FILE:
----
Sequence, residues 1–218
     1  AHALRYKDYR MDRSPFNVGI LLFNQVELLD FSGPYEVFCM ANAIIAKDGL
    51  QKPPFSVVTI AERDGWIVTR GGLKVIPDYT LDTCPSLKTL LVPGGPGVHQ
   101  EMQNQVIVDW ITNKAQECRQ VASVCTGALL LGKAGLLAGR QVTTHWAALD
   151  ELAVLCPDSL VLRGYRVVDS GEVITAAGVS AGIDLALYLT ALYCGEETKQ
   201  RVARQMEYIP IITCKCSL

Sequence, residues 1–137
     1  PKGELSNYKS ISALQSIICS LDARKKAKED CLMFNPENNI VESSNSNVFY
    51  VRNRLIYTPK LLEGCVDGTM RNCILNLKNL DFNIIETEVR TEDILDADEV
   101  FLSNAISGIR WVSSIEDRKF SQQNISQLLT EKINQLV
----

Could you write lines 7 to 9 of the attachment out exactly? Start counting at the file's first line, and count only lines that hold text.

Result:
Sequence, residues 1–137
     1  PKGELSNYKS ISALQSIICS LDARKKAKED CLMFNPENNI VESSNSNVFY
    51  VRNRLIYTPK LLEGCVDGTM RNCILNLKNL DFNIIETEVR TEDILDADEV